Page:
The Royal Irish Regiment

Battalions of the Regular Army

1st Battalion
August 1914 : in Nasiribad. Returned to UK and landed at Devonport on 18 November 1914, then came under orders of 82nd Brigade, 27th Division.
20 December 1914 : landed at Le Havre.
28 November 1915 : sailed from Marseilles for Salonika.
3 November 1916 : transferred to 30th Brigade, 10th (Irish) Division.

2nd Battalion
August 1914 : in Devonport, part of 8th Brigade, 3rd Division.
14 August 1914 : landed at Boulogne.
Virtually destroyed as a battalion near Le Pilly during the Battle of La Bassée. Many taken as POWs.
24 October 1914 : transferred as Army Troops to Lines of Communication.
14 March 1915 : transferred to 12th Brigade, 4th Division.
26 July 1915 : transferred to 11th Brigade in same Division.
22 May 1916 : transferred to 22nd Brigade, 7th Division.
14 October 1916 : transferred to 49th Brigade, 16th (Irish) Division.
23 April 1918 : transferred to 188th Brigade, 63rd (Royal Naval) Division.

3rd (Reserve) Battalion
August 1914 : in Clonmel. A training unit, it remained in UK throughout the war. Moved within a few days of declaration of war to Dublin. In September 1916 moved to Templemore (Co. Tipperary) but by the end of 1917 was back at Dublin. In April 1918 the bn moved to England and joined Irish Reserve Brigade at Larkhill.

4th (Extra Reserve) Battalion
August 1914 : in Kilkenny. A training unit, it moved within a few days of declaration of war to Queenstown. In May 1915, moved to England, based at Gosport. Returned to Ireland September 1915 and moved to Fermoy. May 1916 moved back to Queenstown. In April 1918 the bn moved to England and joined Irish Reserve Brigade at Larkhill.

Battalions of the Territorial Force

As the Territorial and Reserve Forces Act of 1907 did not call for the creation of TF units in Ireland, the regiment had no TF battalions.

Battalions of the New Armies

5th (Service) Battalion (Pioneers)
Formed at Clonmel in August 1914 as part of K1 and came under orders of 29th Brigade, 10th (Irish) Division.
About June 1915, converted to Pioneer Bn of the same Division.
7 July 1915: embarked at Liverpool and sailed to Gallipoli via Mudros. Landed Suvla Bay 7 August 1915.
30 September 1915 : moved via Mudros to Salonika.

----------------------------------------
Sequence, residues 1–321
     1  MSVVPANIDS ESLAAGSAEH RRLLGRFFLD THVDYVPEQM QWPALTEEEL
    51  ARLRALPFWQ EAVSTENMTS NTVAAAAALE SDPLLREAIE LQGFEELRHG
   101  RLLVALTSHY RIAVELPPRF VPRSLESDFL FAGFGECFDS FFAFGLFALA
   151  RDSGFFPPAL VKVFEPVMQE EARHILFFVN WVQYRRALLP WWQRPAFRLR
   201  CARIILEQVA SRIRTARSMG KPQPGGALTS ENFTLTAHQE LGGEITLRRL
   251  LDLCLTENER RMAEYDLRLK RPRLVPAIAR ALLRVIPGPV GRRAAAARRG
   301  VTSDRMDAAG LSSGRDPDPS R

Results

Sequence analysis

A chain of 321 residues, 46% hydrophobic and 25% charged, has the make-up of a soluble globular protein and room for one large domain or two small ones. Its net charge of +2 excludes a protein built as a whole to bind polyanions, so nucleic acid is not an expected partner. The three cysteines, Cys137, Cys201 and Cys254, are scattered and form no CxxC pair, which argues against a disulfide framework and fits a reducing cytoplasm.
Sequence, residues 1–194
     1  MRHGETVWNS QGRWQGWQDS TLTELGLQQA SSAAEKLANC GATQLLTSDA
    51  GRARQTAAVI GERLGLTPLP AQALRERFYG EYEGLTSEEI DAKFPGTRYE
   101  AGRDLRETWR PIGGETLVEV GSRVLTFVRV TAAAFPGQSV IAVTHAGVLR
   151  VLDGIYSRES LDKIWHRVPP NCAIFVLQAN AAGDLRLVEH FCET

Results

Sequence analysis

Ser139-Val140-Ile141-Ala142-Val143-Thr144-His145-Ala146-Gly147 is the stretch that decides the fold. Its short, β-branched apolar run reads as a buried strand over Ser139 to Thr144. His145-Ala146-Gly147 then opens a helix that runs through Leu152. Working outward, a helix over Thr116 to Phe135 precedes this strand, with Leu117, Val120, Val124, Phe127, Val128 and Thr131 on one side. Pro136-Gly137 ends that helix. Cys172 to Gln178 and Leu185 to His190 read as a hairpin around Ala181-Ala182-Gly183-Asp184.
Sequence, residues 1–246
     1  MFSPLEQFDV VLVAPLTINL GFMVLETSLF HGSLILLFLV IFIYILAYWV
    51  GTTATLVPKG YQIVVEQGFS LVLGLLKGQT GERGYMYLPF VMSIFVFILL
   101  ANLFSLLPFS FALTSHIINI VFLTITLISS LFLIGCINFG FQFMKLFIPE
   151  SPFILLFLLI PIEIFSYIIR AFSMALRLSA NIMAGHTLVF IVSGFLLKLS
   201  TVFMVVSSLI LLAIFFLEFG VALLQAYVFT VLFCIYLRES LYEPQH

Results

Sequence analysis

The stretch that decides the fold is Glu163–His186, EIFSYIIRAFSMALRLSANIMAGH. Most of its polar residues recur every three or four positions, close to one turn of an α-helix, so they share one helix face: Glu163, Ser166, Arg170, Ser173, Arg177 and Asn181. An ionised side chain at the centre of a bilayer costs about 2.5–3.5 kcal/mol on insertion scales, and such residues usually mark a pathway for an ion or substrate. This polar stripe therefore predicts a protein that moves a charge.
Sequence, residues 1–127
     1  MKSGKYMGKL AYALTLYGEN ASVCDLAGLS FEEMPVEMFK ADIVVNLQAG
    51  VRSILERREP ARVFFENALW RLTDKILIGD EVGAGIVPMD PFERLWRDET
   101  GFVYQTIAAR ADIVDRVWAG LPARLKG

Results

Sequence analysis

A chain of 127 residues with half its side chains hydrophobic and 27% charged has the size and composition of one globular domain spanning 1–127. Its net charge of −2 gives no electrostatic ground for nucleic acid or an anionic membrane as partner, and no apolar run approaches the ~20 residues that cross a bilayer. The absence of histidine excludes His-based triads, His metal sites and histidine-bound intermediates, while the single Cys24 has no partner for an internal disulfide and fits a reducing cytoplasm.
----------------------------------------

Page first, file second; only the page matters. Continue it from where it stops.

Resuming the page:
1 April 1918 : transferred to 52nd (Lowland) Division. Moved soon afterwards with Division to France.
31 May 1918 : transferred to Lines of Communication.
14 July 1918 : transferred to 50th (Northumbrian) Division as Pioneer Bn.

6th (Service) Battalion
Formed at Clonmel on 6 September 1914 as part of K2 and came under orders of 47th Brigade, 16th (Irish) Division.
March 1915 : joined by one Company from the Guernsey Militia.
December 1915 : landed at le Havre.
6 February 1918 : disbanded in France.

7th (South Irish Horse) Battalion
Formed in France, 1 September 1917, from the dismounted 1st and 2nd South Irish Horse.
14 October 1917 : came under orders of 49th Brigade, 16th (Irish) Division.
18 April 1918 : reduced to cadre strength; reformed 26 June 1918.
4 July 1918 : transferred to 21st Brigade, 30th Division.

8th (Service) Battalion
Formerly the 2nd Garrison Guard Bn (see below), which became the 8th Garrison Bn on 25 May 1918.
13 July 1918 : became the 8th (Service) Bn.

Other Battalions

1st Garrison Battalion
Formed in Dublin, 2 August 1915.
24 September 1915 : landed at Mudros, having sailed from Devonport on 6 September. Working parties were sent into Suvla Bay, Gallipoli, during October 1915. After the withdrawal from Gallipoli, the Bn was sent to Egypt, where it landed on 5 February 1916 and then remained throughout the war.

2nd (Home Service) Garrison Battalion
Formed at Dublin, March 1916. Remained there until April 1918 when it became the 2nd Garrison Guard Bn.
April 1918 : landed in France.
18 April 1918 : came under orders of 178th Brigade, 59th (2nd North Midland) Division.
25 May 1918 : became the 8th Garrison Bn.
20 June 1918 : transferred to 121st Brigade, 40th Division.
13 July 1918 : became the 8th (Service) Bn.

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Related information

Men of the 1st Royal Irish Regiment marching along the Seres Road into the Struma Valley on Salonika, June 1916. Image courtesy of the Imperial War Museum.

The badge of the regiment as depicted on a CWGC grave headstone. Image courtesy of the excellent PaulHP collection at, with thanks.


See more regimental titles here


In remembrance
This page is dedicated to the memory of men like

Thomas Power, Michael Fitzgerald and John Reilly, all 2nd Battalion men who were taken prisoner at Le Pilly in 1914;
Samuel Goddard, enlisted in september 1914 and served with 5th Battalion until being discharged in August 1918;
Victor Yarnell , who joined the South Irish Horse only to find himself converted into an infantryman of 7th Battalion. Victor was killed in action on 27 March 1918; and
James Landrum, originally of the 4th Battalion of the King's (Liverpool Regiment) before being transferred to 2nd Battalion and eventual service with the Royal Munster Fusiliers.

All of these men were researched in detail by Chris Baker at fourteeneighteen|research

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